Scholarly article on topic 'A high performance, low power computational platform for complex sensing operations in smart cities'

A high performance, low power computational platform for complex sensing operations in smart cities Academic research paper on "Electrical engineering, electronic engineering, information engineering"

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Abstract of research paper on Electrical engineering, electronic engineering, information engineering, author of scientific article — Jiming Jiang, Christian Claudel

Abstract This paper presents a new wireless platform designed for an integrated traffic/flash flood monitoring system. The sensor platform is built around a 32-bit ARM Cortex M4 microcontroller and a 2.4GHz 802.15.4 ISM compliant radio module. It can be interfaced with fixed traffic sensors, or receive data from vehicle transponders. This platform is specifically designed for solar-powered, low bandwidth, high computational performance wireless sensor network applications. A self-recovering unit is designed to increase reliability and allow periodic hard resets, an essential requirement for sensor networks. A radio monitoring circuitry is proposed to monitor incoming and outgoing transmissions, simplifying software debugging. We illustrate the performance of this wireless sensor platform on complex problems arising in smart cities, such as traffic flow monitoring, machine-learning-based flash flood monitoring or Kalman-filter based vehicle trajectory estimation. All design files have been uploaded and shared in an open science framework, and can be accessed from The hardware design is under CERN Open Hardware License v1.2.

Academic research paper on topic "A high performance, low power computational platform for complex sensing operations in smart cities"

Accepted Manuscript

Jiming Jiang, Christian Claudel



A high performance, low power computational platform for complex sensing operations in smart cities

S2468-0672(16)30017-7 http://dx.doi.Org/10.1016/j.ohx.2017.01.001 OHX 3

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Please cite this article as: J. Jiang, C. Claudel, A high performance, low power computational platform for complex sensing operations in smart cities, HardwareX (2017), doi:

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A high performance, low power computational platform for complex sensing operations in smart cities

Jiming Jianga, Christian Claudelb'*

aKing Abdullah University of Science and Technology,Thuwal,23955-6900 Kingdom of

Saudi Arabia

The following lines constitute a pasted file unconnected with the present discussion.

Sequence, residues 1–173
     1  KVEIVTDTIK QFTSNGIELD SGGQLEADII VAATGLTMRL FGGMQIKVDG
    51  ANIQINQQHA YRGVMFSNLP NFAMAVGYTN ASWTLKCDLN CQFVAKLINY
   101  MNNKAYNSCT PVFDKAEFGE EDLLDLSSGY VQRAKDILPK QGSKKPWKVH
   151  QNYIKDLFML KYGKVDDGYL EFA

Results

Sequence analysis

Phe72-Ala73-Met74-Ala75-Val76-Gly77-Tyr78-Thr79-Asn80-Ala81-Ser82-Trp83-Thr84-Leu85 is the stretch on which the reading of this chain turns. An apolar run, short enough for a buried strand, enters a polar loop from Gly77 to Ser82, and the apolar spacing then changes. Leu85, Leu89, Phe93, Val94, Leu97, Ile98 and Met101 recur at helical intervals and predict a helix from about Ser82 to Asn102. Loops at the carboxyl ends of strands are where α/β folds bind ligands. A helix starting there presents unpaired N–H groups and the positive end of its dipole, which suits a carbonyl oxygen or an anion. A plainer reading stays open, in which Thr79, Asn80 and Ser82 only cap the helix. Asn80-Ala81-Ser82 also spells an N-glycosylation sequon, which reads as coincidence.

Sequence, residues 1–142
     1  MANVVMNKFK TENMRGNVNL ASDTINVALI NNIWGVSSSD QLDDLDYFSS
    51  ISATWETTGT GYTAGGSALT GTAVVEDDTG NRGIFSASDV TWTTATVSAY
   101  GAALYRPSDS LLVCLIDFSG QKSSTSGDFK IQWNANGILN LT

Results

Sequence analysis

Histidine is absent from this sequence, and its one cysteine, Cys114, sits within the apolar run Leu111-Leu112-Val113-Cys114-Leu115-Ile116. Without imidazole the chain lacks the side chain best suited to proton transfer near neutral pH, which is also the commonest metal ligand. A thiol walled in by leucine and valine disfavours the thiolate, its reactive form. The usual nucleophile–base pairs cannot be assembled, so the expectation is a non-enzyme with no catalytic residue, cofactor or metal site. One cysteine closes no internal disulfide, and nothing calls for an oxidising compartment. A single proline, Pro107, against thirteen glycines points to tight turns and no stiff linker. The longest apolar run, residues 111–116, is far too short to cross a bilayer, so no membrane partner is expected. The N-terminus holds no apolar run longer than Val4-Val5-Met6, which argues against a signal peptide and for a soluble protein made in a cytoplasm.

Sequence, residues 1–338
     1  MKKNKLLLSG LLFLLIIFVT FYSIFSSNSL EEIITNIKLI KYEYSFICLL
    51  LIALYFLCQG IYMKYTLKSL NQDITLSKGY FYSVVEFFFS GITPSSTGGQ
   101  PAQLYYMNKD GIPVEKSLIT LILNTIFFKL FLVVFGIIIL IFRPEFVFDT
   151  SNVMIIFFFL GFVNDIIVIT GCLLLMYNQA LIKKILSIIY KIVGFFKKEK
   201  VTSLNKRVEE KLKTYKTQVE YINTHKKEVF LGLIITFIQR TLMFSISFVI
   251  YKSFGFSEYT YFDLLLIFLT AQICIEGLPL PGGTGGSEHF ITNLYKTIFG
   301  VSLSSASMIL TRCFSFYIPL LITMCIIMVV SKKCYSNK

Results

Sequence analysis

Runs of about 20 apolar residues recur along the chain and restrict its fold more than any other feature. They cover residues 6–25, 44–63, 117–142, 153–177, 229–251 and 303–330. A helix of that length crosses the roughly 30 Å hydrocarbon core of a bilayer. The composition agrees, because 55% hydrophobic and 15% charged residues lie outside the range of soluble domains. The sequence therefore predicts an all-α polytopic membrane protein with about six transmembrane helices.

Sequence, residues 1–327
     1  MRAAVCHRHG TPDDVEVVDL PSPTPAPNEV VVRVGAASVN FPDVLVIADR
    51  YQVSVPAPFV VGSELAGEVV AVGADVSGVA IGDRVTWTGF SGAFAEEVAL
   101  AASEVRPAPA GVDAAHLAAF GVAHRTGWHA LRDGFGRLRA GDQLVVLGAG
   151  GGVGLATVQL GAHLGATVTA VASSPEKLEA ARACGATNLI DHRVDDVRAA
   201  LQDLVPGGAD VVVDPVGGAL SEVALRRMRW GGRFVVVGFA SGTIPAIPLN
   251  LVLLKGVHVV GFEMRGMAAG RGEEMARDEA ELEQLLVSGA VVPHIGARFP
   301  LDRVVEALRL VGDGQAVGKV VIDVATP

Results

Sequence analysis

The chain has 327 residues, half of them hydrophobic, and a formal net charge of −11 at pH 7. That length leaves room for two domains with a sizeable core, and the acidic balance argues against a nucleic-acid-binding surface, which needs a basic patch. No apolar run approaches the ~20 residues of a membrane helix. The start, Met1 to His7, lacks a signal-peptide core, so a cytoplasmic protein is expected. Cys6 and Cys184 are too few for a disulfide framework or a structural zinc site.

b University of Texas at Austin,301E E Dean Keeton St C1761 Austin, TX 78712 USA

an op is un-


This paper presents a new wireless platform designed for an integrated traffic/flash flood monitoring system. The sensor platform is built around a 32-bit ARM Cortex M4 microcontroller and a 2.4GHz 802.15.4 ISM compliant radio module. It can be interfaced with fixed traffic sensors, or receive data from vehicle transponders. This platform is specifically designed for solar-powered, low bandwidth, high computational performance wireless sensor network applications. A self-recovering unit is designed to increase reliability and allow periodic hard resets, an essential requirement for sensor networks. A radio monitoring circuitry is proposed to monitor incoming and outgoing transmissions, simplifying software debugging. We illustrate the performance of this wireless sensor platform on complex problems arising in smart cities, such as traffic flow monitoring, machine-learning-based flash flood monitoring or Kalman-filter based vehicle trajectory estimation. All design files have been uploaded and shared in open science framework, and can be accessed from [1]. The hardware design

der CERN Open Hardware License v1.2. Keywords: Wireless sensor network, Embedded system, Artificial Neural Networks

* Corresponding author Email address: (Christian Claudel)

Preprint submitted to HardwareX January 31, 2017

,4.8 ) [2].

1. Introduction

1.1. Traffic congestion and flash flood monitoring

Traffic congestion is an increasing burden in many areas of the world. In the U.S.A. alone, traffic congestion caused a 101 billion dollars economic loss 5 billion hours of cumulated delay and 1.9 billion gallons of wasted fuel in 2010 In most OECD countries, traffic congestion is estimated to cause 1% loss in its gross domestic product (GDP), that is, over 100 billion Euros annually for the European community. In most countries, the direct and indirect costs of traffic congestion are considerable, and are expected to become worse as global traffic 10 demand is expected to greatly increase in the next decades.